Wild dog control

The term 'wild dog' refers collectively to purebred dingoes, dingo hybrids, and domestic dogs that have escaped or been deliberately released.

In Queensland, wild dogs create a number of economic, environmental and social problems - particularly for agricultural businesses.

An Invasive Animals Cooperative Research Centre 2009 report estimates wild dogs cost Australia at least $48.5 million per year in livestock losses, disease spread and control.

The wild dog is a restricted invasive animal under the Biosecurity Act 2014, which means all landholders have a responsibility to minimise the risks associated with invasive animals under their control. Wild dogs cannot be moved, kept (if a dingo), fed, given away, sold or released into the environment without a permit.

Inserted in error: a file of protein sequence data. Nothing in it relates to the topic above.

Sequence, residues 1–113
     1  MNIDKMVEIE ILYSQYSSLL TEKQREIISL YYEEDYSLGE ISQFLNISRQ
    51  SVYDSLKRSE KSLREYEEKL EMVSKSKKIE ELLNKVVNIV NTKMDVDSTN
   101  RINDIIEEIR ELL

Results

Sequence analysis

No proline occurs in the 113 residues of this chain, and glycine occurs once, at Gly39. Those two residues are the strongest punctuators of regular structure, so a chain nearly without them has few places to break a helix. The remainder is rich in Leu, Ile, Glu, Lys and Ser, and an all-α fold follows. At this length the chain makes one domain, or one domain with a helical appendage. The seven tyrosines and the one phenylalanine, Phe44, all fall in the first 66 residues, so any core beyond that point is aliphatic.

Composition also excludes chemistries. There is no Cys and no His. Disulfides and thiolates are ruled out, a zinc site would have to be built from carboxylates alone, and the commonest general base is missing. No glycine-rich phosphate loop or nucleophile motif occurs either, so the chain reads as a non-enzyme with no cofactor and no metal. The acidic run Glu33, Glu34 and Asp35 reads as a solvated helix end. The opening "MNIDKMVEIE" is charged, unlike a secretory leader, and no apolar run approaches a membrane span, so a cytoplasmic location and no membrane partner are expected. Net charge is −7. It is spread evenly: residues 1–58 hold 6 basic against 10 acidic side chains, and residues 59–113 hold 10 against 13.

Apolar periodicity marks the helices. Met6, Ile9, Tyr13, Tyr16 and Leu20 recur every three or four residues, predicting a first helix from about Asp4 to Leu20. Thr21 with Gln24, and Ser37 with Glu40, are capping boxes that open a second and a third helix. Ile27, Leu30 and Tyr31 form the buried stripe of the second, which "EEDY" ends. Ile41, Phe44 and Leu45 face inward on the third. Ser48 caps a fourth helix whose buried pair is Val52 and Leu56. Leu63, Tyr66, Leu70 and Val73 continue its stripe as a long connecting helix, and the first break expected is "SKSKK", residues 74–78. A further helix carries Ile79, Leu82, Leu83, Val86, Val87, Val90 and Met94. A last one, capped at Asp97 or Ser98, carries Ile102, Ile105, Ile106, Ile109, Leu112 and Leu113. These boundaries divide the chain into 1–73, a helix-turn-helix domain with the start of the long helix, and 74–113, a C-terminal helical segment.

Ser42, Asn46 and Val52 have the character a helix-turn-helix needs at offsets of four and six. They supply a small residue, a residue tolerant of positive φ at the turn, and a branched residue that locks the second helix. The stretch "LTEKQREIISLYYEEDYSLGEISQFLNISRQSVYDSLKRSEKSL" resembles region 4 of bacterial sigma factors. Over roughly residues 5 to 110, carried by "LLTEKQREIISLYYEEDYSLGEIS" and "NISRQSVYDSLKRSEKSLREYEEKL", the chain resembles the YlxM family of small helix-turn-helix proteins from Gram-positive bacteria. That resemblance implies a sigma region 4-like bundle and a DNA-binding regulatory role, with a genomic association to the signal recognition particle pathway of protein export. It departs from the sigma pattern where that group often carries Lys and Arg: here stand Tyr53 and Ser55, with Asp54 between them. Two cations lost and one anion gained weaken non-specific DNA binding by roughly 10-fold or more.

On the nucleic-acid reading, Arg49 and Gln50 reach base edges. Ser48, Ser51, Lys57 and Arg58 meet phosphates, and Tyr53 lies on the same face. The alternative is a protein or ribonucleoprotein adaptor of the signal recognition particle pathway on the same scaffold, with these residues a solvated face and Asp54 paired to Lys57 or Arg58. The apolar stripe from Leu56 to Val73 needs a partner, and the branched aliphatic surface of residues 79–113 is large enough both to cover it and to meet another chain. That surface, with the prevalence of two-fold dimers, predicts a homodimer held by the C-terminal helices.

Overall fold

Effective wild dog control requires a cooperative 'nil tenure' approach. This involves landholders, local government officers and other stakeholders working together to apply a range of control methods at a 'landscape' (rather than an individual property) level.

Control methods include baiting, trapping, shooting, fencing, and the use of livestock guardian animals.

This guide outlines landholder obligations for controlling wild dogs and discusses common control methods.